However, JTI ensures that these clients understand the importance of vision-casting conversations early in the process. As Joy explains, "We try to really inform people, 'We can offer this. It's not our full-fledged, best range of services, and what we really feel like is setting you up for success, but on your next project, we hope you hire us sooner’ and they typically do. Once they experience it later in the game, they're like, 'Oh my gosh, you're going to be the first people that we hire.''

These vision-casting conversations can seem "fluffy and weird," but they're essential for Joy's team to pull a design concept together. Often, prior to these conversations, clients don't actually know what design concept they want.

This image shows paint samples, fabric swatches, three markers and greenery laying on a table.


When Should Interior Designers Be Used in Construction Projects?

"Prior to lease or purchasing" is Joy's prompt answer. She gives Beth and Zach a current example of a client that they are doing a test fit for.

They show the client how their program — meaning how many people, how many conference rooms, break room, pump storage needs and other factors — fits into the space. “It's basically a feasibility study. If that space works, great. If it doesn't, we help them. They'll know they need to go up or down in terms of square footage, and then they find the right sized space for them."

A lot of clients think they need to downsize with fewer in-office employees. But Joy says it's not about downsizing — it's about finding the right size space for them. Open offices became popular pre-pandemic, but employees are not fans. They want more space. Joy encourages her clients to think about the amount of space they are giving each employee when considering square footage requirements.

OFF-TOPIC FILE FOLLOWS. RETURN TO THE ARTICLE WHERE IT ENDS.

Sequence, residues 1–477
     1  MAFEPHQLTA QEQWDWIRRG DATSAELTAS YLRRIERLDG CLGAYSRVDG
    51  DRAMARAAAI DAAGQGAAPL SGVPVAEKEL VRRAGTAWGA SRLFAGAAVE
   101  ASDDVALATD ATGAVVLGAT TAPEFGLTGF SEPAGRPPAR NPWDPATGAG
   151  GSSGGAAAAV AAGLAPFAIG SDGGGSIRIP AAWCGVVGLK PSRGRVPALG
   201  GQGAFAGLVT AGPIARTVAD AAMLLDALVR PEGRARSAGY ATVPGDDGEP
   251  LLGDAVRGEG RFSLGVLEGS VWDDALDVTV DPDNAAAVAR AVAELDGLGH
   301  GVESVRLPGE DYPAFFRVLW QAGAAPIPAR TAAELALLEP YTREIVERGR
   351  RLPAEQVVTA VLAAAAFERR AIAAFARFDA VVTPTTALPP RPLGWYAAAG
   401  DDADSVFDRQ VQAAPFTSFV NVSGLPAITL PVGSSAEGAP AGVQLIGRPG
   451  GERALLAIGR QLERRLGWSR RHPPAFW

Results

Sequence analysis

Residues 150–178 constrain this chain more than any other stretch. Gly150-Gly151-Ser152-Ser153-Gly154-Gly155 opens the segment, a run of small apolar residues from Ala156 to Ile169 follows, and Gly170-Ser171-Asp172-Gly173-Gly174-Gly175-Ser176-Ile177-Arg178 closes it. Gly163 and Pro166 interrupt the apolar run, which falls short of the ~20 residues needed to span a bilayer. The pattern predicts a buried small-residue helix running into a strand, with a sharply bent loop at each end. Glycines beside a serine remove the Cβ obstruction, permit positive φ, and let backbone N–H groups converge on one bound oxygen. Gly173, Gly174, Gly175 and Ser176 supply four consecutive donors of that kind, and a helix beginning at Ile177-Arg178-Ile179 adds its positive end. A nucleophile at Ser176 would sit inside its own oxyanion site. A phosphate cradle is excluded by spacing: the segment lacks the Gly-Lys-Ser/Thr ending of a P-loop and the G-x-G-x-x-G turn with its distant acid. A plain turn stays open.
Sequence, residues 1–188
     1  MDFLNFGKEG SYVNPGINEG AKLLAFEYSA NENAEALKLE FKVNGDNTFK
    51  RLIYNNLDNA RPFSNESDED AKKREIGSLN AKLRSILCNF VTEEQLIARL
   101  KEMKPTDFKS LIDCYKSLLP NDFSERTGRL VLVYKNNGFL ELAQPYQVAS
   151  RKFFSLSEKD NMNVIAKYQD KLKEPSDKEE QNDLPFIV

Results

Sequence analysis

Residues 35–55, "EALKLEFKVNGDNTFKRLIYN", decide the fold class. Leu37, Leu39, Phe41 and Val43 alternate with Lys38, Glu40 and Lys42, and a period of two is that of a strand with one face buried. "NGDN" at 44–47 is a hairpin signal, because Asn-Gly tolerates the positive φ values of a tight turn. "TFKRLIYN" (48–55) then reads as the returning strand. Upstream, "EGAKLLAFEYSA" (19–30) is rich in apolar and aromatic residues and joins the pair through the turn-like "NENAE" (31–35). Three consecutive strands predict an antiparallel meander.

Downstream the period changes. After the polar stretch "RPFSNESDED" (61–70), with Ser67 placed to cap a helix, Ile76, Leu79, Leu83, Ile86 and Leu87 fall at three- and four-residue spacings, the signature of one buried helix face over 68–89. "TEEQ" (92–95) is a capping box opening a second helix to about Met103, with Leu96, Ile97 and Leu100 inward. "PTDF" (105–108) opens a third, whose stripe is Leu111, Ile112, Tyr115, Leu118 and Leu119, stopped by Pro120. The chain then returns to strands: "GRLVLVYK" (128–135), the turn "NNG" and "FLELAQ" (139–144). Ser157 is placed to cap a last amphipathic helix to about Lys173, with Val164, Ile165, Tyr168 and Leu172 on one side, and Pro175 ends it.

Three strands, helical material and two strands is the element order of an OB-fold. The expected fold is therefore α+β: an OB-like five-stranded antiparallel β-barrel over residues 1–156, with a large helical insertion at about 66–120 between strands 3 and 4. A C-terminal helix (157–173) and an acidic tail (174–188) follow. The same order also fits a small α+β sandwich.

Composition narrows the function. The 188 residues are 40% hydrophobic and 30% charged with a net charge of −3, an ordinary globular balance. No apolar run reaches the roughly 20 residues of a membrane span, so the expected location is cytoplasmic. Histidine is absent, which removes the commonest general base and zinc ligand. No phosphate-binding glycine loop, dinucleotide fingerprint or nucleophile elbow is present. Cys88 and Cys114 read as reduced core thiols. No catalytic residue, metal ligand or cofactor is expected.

Attracting Interior Designers' Attention

So how can manufacturers get an interior design firm's attention to become their go-to? For Joy and JTI, it starts with company outings.

Once a month, the entire team gets out of the office to visit a manufacturer for some untraditional fun. Instead of a factory tour or lunch and learns, these vendors take them to do an activity. Recent outings include blowing glass, throwing pottery, a cooking class and ax throwing.

Ax throwing was hosted by a lighting vendor they hadn't used before. While sharing a few cocktails and throwing axes, the team learned that this vendor had a domestic inventory of beautiful lighting that wasn't overly expensive and was quick-ship ready. They were checking all the boxes, but without this low-stakes, fun event, JTI wouldn't have known about them. "It's very out of the box," Joy admits, "but I think it's really [about] reaching your customers where they're at."

The ROI on these types of events is incredible for manufacturers. As Beth points out, an ax-throwing event cost the manufacturer about $25 per person. And JTI has 20-25 multi-family projects running at any given time, all of which need lighting.